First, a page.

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Developing AfricaConcepts and practices in twentieth-century colonialism$
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Joseph M. Hodge, Gerald Hödl, and Martina Kopf

Print publication date: 2014

Print ISBN-13: 9780719091803

Published to Manchester Scholarship Online: January 2015

DOI: 10.7228/manchester/9780719091803.001.0001

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A history of maendeleo: the concept of ‘development’ in Tanganyika's late colonial public sphere

A history of maendeleo: the concept of ‘development’ in Tanganyika's late colonial public sphere

Chapter:
(p.87) Chapter Three A history of maendeleo: the concept of ‘development’ in Tanganyika's late colonial public sphere
Source:
Developing Africa
Author(s):

Emma Hunter

Publisher:
Manchester University Press
DOI:10.7228/manchester/9780719091803.003.0004

This chapter tells the story of the changing use of the term maendeleo in colonial Tanganyika between the turn of the century and independence in 1961. Hunter argues that it is only by appreciating the broad way in which maendeleo was understood in local contexts and the way that it served in part as a space in which to reflect on the meaning of modernity that we can make sense of its power then and now, and that the history of this keyword provides a crucial context for understanding development discourse in late colonial Tanganyika. To make this argument, she draws on a close reading of the editorial comment and letters pages of three Swahili-language newspapers – Mambo Leo, Mwafrika and the Kilimanjaro newspaper Komkya, as well as a set of district newspapers published in 1952 by district offices around Tanganyika.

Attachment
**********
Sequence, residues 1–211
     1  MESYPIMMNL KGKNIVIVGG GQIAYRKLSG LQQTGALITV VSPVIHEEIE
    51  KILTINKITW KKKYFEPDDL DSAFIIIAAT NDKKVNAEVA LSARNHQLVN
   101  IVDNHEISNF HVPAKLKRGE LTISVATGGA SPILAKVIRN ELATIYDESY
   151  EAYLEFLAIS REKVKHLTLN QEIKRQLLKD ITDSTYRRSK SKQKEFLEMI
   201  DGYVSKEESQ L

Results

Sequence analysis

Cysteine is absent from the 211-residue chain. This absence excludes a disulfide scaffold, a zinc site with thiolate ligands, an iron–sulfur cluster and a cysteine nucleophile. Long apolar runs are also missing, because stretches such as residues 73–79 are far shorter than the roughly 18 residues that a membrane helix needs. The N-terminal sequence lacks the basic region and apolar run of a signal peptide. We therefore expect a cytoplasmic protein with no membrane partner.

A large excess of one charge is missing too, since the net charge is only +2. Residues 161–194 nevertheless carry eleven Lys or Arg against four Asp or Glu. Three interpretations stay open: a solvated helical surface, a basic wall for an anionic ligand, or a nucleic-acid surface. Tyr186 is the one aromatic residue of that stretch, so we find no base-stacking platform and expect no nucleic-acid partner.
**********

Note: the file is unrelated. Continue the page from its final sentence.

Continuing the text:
Keywords:   Development discourse, Maendeleo, Tanzania, Tanganyika, Swahili colonial press, Modernity

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